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‘From the Forge' by Greengrass

Review

Well this is something of a milestone: my first review of the new order. As I expressed in my last article, I'm not anticipating live reviewing for quite some time alas (I'm writing this at an hour I'm often preparing to leave for a gig) but am looking forwards to as many record reviews as possible.

A couple of general observations first if I may?

Firstly, as I said in that previous piece, sales of recordings represents the most obvious source of income for artists who have just lost all their live income for months: so please do consider purchasing each release I & other "Hot Music Live" writers review. It matters more than ever now.

Secondly, I feel for artists who have spent significant time writing, arranging, honing & recording music, labours of love for them, only to have them come out when we are being so distracted by other events. Please do share reviews etc of records as widely as you can because promotion (especially without gigs) is going to be particularly hard at the moment. They deserve better.

I know for a fact that acclaimed folk artists Greengrass have invested much emotion into their new fourteen track album ‘From the Forge' (all songs being recorded live with no overdubs at The Forge Studio by Tom Gittins of Monochrome Productions): I gather it has been long in gestation: in fact it started life as a project for an EP and grew.... and grew.

Just as my final live review (for a while) of last weekend was fortunately of a great gig which uplifted me, thankfully this next review has had a similar effect & showcases similar high talent levels. On a personal level it was really helpful to be inspired by such a collection too.

Kate Vassaloss (guitar, vocals) Keith Nickless (bass, guitar, vocals) and Lauren South (violin, vocals) are consummate musicians & have put together a wonderful package mixing their original songs and traditional folksong arrangements, including several which even I was familiar with.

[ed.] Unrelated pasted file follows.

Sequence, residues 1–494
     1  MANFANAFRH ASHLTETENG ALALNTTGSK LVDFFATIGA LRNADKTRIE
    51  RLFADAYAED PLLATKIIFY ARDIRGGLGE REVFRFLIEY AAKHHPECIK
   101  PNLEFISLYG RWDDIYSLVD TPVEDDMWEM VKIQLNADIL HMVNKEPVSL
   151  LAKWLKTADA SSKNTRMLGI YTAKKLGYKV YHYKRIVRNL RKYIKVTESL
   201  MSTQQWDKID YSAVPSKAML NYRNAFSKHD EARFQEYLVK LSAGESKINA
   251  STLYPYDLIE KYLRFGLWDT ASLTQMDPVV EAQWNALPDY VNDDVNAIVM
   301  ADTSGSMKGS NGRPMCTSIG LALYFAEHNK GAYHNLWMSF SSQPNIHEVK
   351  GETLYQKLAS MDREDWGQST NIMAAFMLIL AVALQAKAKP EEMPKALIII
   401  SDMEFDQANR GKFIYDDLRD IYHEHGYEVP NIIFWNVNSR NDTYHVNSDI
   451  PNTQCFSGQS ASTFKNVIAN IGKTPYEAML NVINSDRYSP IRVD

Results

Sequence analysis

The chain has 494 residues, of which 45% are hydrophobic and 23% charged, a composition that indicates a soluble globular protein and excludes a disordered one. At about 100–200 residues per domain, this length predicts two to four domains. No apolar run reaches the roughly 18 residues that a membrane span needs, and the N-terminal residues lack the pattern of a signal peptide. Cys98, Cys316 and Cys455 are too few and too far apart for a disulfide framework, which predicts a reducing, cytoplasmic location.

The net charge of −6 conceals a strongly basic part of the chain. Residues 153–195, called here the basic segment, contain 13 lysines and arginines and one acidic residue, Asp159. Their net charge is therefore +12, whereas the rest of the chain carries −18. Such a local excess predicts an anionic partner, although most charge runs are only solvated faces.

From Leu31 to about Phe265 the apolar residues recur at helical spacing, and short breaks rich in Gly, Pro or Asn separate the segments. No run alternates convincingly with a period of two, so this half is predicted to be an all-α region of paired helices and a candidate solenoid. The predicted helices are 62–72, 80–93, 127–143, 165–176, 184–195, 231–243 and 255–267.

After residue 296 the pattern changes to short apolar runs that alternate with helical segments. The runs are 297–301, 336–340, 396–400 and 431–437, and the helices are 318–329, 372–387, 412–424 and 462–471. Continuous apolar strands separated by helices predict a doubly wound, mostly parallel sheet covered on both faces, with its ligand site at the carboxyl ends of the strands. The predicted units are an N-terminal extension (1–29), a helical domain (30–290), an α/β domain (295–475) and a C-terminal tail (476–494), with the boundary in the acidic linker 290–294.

I'm glad to have my first opportunity to write about this popular band (although I have reviewed The Hatstand Band who share some members with Greengrass) and I trust it won't be the last. I should be most eager to be able to write a live review in time too.

The opening general point I think is worth making is how much space Greengrass leave in their music (always something I appreciate), which I suppose has roots in experience, confidence & taste and results in crystal clarity of instruments and voices, with what they offer to us being allowed to ring in our ears & give us time to savour. With this level of musicianship there is no need for the hiding places of over-arrangement nor production (and the production certainly enhances this effect) & the impact level is consequently high.

If you like the ethereal then Greengrass provide this for you (which certainly appealed to me on this day for obvious reasons) but you'll also find bonhomie & humour on the menu as well as the sort of detailed & evocative narratives which the folk form does so well.

I have here to admit that although several of the covers were previously known to me, so skilfully composed are the originals that they are indistinguishable to my ears from traditional folksongs, so honestly if it's a song I've never previously heard, I genuinely don't know if it's one of theirs or a non-original unknown to me.

I'm going to tentatively identify "History" as a Greengrass composition (sounding like someone at the Elizabethan court singing of the 21st century) and it certainly is a standout for me among even such a strong lineup.

"Soft Words" is another I'd be inclined to ascribe to the band: rather more contemporary in melodic terms than "History", again it touched a chord with me for its take on the modern situation & resonated all the more because of current events.

Of the songs I know fully well are traditional, I suppose there is a tendency for me to fixate upon personal existing favourites: but that in itself carries the corollary of higher expectations. However the rewards of hearing the likes of "Star of the County Down", "Lord Franklin" or "The Wild Goose" which I have heard played by some superb musicians being played with such aplomb, love & skill are that much the greater accordingly.

Go on: have a listen to ‘From the Forge': buy it if you like it, tell your friends about it & make a note to yourself to hear Greengrass play it live in better times. I certainly shall.

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